As far as bringing them closer to the Marvel U, I think that hopefully they will stand out rather than blend in.

Guardians of the Galaxy movie

concept art.

I have been in touch with the movie studio guys and we are all tossing design ideas around, so hopefully we can have some unity between the movie and comic looks.

Nrama: On the same note, something that seemed to be a real hot-button issue at New York Comic Con last month was Star-Lord's helmet, as that accessory evidently has some passionate defenders. Though it looks like he'll be mostly helmet-less, he'll still use it in some instances, correct? And in general, how important is it for Star-Lord to be the human "face" of a team that also includes a tree person and a talking raccoon?

McNiven: Was it really? I hadn't noticed but I'm glad there are big fans of the characters out there!

Helmet-wise, even Vader pulled the thing off on occasion so I don't see it as a stretch to have the helmet off when he's not in combat. It is important to me to have Star-Lord without a mask when we need some acting from him.

One of the great things about Spidey is that he can do a tremendous amount of acting through body language, but most characters, such as Star-Lord, don't have that ability so we need the facial expressions.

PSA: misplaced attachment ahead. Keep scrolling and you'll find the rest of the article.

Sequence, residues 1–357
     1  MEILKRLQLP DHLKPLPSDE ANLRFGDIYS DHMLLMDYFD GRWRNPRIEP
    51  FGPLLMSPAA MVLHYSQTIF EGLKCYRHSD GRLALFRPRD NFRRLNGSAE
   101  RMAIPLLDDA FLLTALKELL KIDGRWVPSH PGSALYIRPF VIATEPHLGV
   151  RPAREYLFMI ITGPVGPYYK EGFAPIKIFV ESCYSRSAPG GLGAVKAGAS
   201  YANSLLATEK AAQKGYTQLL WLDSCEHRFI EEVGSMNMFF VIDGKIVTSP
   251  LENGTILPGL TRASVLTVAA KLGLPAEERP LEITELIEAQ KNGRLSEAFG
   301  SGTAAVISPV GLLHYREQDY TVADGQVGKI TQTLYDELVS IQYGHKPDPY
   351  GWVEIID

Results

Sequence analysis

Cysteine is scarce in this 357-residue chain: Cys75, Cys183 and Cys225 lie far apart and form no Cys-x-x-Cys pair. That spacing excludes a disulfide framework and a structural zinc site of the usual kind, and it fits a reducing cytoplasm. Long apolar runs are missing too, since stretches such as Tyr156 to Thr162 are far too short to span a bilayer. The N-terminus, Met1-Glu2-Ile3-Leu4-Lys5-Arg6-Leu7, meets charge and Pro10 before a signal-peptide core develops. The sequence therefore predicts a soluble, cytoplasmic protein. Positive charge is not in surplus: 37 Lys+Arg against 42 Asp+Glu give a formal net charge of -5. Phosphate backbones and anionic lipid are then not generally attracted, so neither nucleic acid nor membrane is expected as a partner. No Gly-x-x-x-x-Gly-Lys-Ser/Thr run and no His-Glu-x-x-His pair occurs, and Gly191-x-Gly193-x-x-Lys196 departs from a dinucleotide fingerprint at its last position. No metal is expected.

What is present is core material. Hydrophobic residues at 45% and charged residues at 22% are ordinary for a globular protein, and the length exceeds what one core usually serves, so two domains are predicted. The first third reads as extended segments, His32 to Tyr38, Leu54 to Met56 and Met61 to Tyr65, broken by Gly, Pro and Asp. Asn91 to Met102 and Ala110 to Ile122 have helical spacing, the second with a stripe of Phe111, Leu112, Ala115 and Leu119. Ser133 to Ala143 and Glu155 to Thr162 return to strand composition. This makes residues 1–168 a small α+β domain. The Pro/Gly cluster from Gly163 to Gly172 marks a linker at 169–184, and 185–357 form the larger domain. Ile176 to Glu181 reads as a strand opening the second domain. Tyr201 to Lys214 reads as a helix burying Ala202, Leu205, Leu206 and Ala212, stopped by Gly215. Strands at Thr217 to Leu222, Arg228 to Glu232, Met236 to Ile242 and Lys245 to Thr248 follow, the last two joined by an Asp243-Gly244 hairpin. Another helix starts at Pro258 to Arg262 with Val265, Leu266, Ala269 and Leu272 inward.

I like the contrast between Tony Stark and Iron Man. The smiling martini sipping Tony changes immediately when the armor is on and the faceplate is down. I want to have that for Star-Lord.

Nrama: Guardians of the Galaxy is starting right around the same time as the scheduled debut of the second Nemesis volume. Schedule-wise, are they pretty much separate workloads for you? And are you eyeing Guardians of the Galaxy as a long-term run?

McNiven: I’m here for as long as they’ll have me. It's a lot of work juggling the two books for sure! I have partnered up with 3 other guys and formed a studio to help with Nemesis.

You can see one of the guys' work, Simon West, on the colors of the recent Amazing Spider-man covers I just did.

Unfortunately it's also a bunch of work — boring lawyer and accountant stuff — to get a studio up and going, but I think it'll pay off in spades.


Nrama: This isn't the first time you've worked with Bendis, but it is the first time the two of you have collaborated in a while. How has that working dynamic evolved in the years since your New Avengers arc together, back in 2005?

McNiven: Just like old times really! He's a great guy to work with. Anyone who has met Brian will encounter the same guy that I know, very intelligent, hardworking and immensely fun to be around. And that goes for his scripts as well.

Nrama: And finally: You wrote and illustrated a Captain America vs. Gambit story a few months back in AvX: VS. Do you have any further writing plans at this time?

McNiven: Just let me get this studio up and running will ya?!